5 Questions That Instantly Make You Think Like a Photographer

You're not a photographer!  Before that shocks or offends you, allow me to elaborate.  This post is not intended for those with photography knowledge.  Perhaps you're in the market to hire a photographer for a special event but you can't tell the difference between the $100 and $5000 photographer.  Maybe you're the kind of person who pours over the work of the greats but you're too shy to start your journey toward developing this craft.  Better yet, you may be an Instagramer who simply wants to take better photos with their smartphone.  Whatever your story may be, without formal education, you may be having a hard time telling a great photo apart from an average one.  After all, in your mind, the photo you took looks pretty much the same as someone who is getting a lot more recognition.  Why should they have all the attention?  Sure, some of that may (in part) be due to the fact that the person has already built up a reputation or a following.  But just to be sure, let's review some basic questions you can ask yourself before you post your image:

1. "How straight is my horizon?"

This is a common mistake for those who are just starting out.  You want to be creative so it becomes tempting to tilt your horizon.  Or worse, perhaps you were not aware of the horizon whatsoever.  Maybe you took a beautiful photo of a place but you're bothered looking at it, wondering why something feels "off".  It could be due to the fact that your horizon is uncomfortably tilted at a 10-20 degree angle.  Always check your horizon and ensure that the angle is even.

2. "Did I square up?"

Squaring up is a big part of composition and yet, it's commonly overlooked by beginner photographers.  You may already be aware of the Rule of Thirds - and if you are, that's great - but here's a great way to take things to the next level.  Pretend you're standing in front of a wall.  Squaring up means that regardless of how close/far you are from the wall, the view of your camera should be on a flat angle, parallel to the wall itself.  No part of the wall should be closer or farther from the vantage point - the entire wall is even in closeness to you.  This allows your audience to identify your subject faster.  Once you're squared up, other (more advanced) composition options can be exercised more effectively.

3. "How are my colours?"

Are colours something you think about when taking photos?  Because, if they're not, it's time to give them the respect they deserve.  It's relatively easy to take a photo, slap an Instagram filter on it (or Photoshop Action) and call it art.  More advanced colour theory is a topic that can be stretched over several posts outside of this one so I won't get too deep into it.  For now, remember a couple of key points:  Firstly, the brighter the colour, the more attention it will demand.  If you'd like to emphasize your subject, be mindful of objects you leave in the background that may be more saturated in colour.  Secondly, clashing colours will dull your image.  Familiarize yourself with the Colour Wheel and try to use colours that compliment your subject.  Lastly...for the love of all that is good...please don't spot-colour.  It's arguably the biggest eye sore in photography and even the best of photographers have a tough time executing it well.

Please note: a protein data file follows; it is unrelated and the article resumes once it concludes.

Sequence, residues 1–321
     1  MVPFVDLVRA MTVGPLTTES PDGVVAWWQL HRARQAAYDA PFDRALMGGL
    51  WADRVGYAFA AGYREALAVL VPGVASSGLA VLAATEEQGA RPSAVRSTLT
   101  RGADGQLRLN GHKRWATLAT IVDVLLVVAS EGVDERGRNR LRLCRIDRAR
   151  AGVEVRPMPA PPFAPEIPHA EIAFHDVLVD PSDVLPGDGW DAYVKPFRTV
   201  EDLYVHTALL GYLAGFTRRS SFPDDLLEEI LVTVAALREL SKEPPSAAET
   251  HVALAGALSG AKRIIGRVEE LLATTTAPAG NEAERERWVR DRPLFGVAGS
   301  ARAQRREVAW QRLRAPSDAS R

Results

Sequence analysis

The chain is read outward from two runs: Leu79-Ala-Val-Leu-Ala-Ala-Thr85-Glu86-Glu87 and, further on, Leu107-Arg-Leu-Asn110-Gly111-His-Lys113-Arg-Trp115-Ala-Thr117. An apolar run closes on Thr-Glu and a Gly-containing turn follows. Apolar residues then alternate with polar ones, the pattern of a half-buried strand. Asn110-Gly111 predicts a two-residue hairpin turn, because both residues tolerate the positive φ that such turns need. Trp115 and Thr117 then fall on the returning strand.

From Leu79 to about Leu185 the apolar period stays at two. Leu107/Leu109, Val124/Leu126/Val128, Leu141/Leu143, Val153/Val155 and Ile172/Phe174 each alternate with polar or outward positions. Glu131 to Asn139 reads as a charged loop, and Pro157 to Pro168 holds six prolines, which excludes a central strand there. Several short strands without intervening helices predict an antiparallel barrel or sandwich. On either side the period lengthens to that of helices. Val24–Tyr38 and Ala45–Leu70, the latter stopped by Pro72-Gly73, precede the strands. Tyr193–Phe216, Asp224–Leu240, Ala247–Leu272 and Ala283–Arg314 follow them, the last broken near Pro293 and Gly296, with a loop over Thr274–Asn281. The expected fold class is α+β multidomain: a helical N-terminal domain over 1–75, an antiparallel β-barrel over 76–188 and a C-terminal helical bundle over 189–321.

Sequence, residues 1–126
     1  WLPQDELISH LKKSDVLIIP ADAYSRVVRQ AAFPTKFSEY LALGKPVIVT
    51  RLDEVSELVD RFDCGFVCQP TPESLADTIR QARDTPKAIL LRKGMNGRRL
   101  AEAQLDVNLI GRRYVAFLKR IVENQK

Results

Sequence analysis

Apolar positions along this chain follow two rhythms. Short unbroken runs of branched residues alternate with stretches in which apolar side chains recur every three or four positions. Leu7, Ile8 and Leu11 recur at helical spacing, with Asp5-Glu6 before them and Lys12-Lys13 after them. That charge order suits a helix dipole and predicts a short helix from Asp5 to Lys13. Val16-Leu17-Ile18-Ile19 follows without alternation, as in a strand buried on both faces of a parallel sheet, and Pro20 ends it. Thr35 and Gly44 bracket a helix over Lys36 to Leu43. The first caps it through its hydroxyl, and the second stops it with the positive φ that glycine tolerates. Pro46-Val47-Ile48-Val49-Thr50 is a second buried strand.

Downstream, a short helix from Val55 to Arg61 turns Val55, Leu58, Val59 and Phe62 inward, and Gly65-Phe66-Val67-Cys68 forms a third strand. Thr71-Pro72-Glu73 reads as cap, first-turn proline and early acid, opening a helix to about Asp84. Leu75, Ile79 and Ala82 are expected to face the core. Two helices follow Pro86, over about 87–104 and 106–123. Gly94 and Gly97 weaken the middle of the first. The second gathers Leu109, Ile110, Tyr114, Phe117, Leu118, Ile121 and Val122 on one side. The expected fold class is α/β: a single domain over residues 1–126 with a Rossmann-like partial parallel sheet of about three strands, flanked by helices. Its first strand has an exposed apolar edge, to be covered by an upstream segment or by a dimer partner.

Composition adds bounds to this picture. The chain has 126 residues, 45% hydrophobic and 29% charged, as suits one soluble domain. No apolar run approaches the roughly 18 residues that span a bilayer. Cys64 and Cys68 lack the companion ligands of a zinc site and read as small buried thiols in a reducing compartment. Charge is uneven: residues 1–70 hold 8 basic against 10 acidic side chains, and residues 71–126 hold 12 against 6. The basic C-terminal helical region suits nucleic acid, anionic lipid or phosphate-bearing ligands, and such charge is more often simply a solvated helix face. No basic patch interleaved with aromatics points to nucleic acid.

4. "What is the brightest point in my image"

This is an easy one.  Take an image - any image will do.  Place it in front of you and squint.  What is the lightest part of the image?  Is it the same as the first thing you noticed when you looked at the photo?  The answer will almost always be "yes".  Our sight responds to light and dark.  Therefore, if you have something in the image which is lighter than your intended subject, you may be drawing attention away from the subject itself.  

5. "How sharp is my subject?"

There are those images which may be so blurry, we immediately spot the problem.  However, often times the blur is subtle.  As a rule of thumb with photographing people, you want their eyes to be the sharpest part of the image.  Certainly if their gaze is directed at the camera.  This gives your human (or pet) subject a bit of life in an otherwise 2 dimensional situation.  A slight blur on the eyes can take away a bit of the magic and knock a great photo down into mediocrity.  

Keeping these tips and tricks in mind, your photos should improve immediately.  Yes, you can break these "rules".  But before you do, ask yourself why you're breaking them.  Is it because of artistic purposes or is it perhaps a bit of laziness?  I won't pretend to have the final word on what makes a perfect photograph.  All I know is what great photographers have learned to do effortlessly.  Scrolling through the pages of websites like 500px, you will see plenty of incredible photographers - and you will also see a lot of these very simple rules being used.  Whether you try these rules out using a smartphone camera or you're lucky enough to have a Hassie for a toy, the concepts are all the same.  I hope this was enjoyable and informative!